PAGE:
I think that’s why it’s one of those things that too frequently gets lost in the shuffle. Yet I see it happen all the time. A message that might seem small, insignificant or redundant just sometimes needs to be received. You’re beautiful. I love you. I’m proud of you. Thank you. From the ground up, these are among the things I think need to be said (and meant) much more frequently than they are. Great job on that. I’m happy. You are a great dad/mom/wife/sister/brother/friend. I appreciate that you are in my life. Sometimes I think a person doesn’t even know how much he or she needs to receive these messages until it actually happens.

Take today, for instance. For the most part, it was like any other day since dear baby Carter was born. Mom and dad followed the same routine. Carter ate, played, napped and ate again. Mom wrote. Dad worked. But there was this moment, this one beautiful moment as mom refilled the bird feeders and dad watered the garden when it happened. They both stopped at the same time. They both paused. Joy. From the ground up, it happened in that moment, not just because they paused. Joy came to life in that moment because they said it out loud.

“I’m so happy,” mom said.

“Me too,” dad replied.

Then they smiled and both resumed their aforementioned duties in our backyard paradise.

I know it was probably the shortest conversation either of them had today, but I can promise you it was much more important than anything else that happened throughout the day. That’s the thing when something seems obvious – sometimes that makes it a lot easier to let slip through the cracks. But life is not a given. Moments are fleeting. And joy is in life’s little reminders.

 

Watching the Clouds June 8, 2014

It’s ugly. And scary looking. And (perhaps worst of all) it doesn’t look like it’s getting much better. But today (in a moment of selfish weakness) I realized I am thankful for it. My dear forever dad injured his leg very badly playing softball the other night. When I say bad, I mean bad.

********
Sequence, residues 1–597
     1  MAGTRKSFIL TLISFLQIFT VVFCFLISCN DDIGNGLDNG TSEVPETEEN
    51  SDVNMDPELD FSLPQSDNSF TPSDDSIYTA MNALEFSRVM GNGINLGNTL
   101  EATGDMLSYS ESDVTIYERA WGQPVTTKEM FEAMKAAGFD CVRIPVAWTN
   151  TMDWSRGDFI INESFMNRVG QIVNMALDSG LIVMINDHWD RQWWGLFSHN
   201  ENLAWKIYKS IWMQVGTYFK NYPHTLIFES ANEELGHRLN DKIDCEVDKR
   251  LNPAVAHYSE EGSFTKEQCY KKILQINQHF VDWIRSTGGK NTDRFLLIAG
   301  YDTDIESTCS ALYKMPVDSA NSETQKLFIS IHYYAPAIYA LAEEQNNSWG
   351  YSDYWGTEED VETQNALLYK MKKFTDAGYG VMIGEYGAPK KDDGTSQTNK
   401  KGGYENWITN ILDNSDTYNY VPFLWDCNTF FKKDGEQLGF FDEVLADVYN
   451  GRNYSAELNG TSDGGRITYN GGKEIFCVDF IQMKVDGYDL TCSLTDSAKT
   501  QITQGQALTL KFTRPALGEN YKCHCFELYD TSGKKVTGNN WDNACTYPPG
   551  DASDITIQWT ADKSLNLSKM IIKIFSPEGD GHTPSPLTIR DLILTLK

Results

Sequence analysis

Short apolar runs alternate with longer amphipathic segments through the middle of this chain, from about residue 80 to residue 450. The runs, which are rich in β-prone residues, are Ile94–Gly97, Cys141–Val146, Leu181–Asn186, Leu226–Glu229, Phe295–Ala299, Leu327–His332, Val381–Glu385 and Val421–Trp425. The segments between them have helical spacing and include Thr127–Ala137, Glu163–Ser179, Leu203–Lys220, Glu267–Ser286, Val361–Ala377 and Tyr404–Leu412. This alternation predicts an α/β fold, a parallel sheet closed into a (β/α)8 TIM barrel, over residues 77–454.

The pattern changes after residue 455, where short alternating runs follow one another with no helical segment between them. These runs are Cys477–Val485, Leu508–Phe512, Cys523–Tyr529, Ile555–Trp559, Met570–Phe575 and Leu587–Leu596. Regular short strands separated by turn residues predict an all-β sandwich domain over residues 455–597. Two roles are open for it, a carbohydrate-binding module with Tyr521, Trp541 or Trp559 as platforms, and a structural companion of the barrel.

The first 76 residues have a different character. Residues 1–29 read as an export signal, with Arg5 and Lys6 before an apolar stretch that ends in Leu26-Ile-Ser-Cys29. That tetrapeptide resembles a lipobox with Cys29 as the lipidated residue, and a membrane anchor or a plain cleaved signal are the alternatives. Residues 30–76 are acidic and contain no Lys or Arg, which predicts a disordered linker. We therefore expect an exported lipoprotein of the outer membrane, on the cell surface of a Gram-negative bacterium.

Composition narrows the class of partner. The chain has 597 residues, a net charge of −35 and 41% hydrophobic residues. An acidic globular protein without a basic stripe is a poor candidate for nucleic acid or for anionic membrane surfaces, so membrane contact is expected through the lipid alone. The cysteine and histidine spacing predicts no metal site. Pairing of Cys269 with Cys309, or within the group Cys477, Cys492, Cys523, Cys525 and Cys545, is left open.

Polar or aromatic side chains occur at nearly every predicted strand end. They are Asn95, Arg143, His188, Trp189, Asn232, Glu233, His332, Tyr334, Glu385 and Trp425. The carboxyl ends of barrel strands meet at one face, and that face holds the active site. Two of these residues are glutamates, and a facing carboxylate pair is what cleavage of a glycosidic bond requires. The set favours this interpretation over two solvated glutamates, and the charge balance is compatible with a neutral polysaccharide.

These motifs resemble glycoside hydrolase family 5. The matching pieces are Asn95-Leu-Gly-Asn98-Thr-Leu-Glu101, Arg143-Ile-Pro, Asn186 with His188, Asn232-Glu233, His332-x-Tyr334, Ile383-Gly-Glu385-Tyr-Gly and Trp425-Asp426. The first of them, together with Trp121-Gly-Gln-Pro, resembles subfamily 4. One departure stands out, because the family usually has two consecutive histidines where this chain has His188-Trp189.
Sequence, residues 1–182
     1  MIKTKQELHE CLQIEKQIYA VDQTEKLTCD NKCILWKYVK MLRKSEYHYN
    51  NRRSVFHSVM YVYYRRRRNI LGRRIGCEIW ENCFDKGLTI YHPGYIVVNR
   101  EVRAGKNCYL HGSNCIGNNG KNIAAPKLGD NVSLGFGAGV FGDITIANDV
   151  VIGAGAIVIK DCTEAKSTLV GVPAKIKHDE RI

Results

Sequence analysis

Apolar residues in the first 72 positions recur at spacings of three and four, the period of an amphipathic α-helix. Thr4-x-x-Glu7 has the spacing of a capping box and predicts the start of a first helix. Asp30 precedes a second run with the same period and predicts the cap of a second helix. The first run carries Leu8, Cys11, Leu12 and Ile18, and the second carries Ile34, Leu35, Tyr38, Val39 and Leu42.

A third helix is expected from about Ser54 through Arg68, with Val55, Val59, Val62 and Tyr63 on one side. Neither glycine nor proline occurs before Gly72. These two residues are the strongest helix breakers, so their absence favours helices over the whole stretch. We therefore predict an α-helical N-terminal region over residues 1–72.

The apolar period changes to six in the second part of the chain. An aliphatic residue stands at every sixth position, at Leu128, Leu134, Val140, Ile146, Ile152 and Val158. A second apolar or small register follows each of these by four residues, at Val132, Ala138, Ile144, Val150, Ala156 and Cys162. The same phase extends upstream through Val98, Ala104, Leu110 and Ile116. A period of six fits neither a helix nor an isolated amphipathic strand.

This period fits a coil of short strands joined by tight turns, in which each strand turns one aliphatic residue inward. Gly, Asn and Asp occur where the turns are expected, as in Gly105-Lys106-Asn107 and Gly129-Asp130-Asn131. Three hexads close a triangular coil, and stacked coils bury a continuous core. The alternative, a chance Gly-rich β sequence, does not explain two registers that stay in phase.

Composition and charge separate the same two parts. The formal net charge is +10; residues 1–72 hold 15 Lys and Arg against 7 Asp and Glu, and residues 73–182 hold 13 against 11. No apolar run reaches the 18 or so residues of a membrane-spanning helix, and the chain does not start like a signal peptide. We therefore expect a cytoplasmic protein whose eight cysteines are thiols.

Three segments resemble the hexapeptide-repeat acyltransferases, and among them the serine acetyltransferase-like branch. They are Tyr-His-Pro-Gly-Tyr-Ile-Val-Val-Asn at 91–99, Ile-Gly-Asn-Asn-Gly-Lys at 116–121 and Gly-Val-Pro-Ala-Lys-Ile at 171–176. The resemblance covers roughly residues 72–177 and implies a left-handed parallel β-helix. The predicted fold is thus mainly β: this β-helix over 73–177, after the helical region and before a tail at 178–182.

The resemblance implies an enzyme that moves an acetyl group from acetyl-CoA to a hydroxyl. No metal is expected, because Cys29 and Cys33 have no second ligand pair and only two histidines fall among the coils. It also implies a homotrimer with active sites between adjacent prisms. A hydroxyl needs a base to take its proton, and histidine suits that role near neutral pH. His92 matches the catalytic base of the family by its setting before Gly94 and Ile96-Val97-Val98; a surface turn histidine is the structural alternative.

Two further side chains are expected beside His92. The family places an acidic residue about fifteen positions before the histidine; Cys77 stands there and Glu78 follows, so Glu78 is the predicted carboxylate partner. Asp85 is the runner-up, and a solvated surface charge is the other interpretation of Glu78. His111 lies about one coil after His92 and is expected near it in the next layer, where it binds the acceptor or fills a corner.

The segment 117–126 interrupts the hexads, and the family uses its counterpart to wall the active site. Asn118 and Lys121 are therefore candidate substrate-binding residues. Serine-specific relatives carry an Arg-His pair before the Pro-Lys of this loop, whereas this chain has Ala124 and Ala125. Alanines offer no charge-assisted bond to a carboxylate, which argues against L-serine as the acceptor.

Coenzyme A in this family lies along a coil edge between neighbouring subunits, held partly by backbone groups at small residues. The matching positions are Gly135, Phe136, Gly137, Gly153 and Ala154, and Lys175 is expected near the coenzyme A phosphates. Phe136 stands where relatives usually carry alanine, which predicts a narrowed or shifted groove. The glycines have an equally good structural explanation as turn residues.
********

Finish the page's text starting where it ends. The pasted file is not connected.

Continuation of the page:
Off We Go

Off We Go

His entire shin is torn brutally torn apart from sliding into third base. The worst part about it? He was out anyway. Nonetheless, it’s there. And I can tell he’s trying to be strong about it, but it hurts.  A lot.

So today my people did something they haven’t done in a very long time. They stayed home for no other reason than to rest. Not because they were sick. And dad will tell you he could have handled doing any number of things regardless of the big red gash that is currently in the process of healing on his leg. But they didn’t. Instead they all stayed home, with me, all day long. Don’t tell them I told you, but they even napped a bit while Carter did at one point.

And I loved it. Not only because (mostly by default) they spent the day with me. Or because they put aside the list of things they could have done. But because sometimes you really do need to pause like they did today to reboot and recharge your batteries.

It’s been tough for me to see them both run themselves ragged keeping up with everything since dear baby Carter came home. There are some days they both pass out the second their heads hit the pillow. Then there are days like today.

“Rest is not idleness,” suggested British statesman John Lubbock, “and to lie sometimes on the grass under the trees on a summer’s day, listening to the murmur of the water, or watching the clouds float across the sky, is by no means a waste of time.”

It wasn’t so ugly. And I’m not ashamed to say I am grateful for dad’s injury. Because today it forced my people to slow down and watch the clouds. No such thing is a waste of time to me.

 

On Precious Moments April 12, 2014

I often wonder what it would be like if life had a remote control. If we could stop and pause and fast forward and rewind segments like I see my people do when something is particularly funny or if they need to leave the room for a few minutes. What happens when something is particularly funny in life? There’s not really a way to duplicate it again because you can’t rewind. And when times get rough? You can’t fast forward.